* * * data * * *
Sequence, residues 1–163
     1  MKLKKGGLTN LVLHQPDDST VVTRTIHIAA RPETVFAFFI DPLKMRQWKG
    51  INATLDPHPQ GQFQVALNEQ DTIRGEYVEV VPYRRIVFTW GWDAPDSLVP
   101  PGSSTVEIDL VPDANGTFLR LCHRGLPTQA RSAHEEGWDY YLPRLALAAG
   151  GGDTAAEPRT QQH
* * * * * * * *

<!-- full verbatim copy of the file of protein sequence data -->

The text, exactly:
Sequence, residues 1–163
     1  MKLKKGGLTN LVLHQPDDST VVTRTIHIAA RPETVFAFFI DPLKMRQWKG
    51  INATLDPHPQ GQFQVALNEQ DTIRGEYVEV VPYRRIVFTW GWDAPDSLVP
   101  PGSSTVEIDL VPDANGTFLR LCHRGLPTQA RSAHEEGWDY YLPRLALAAG
   151  GGDTAAEPRT QQH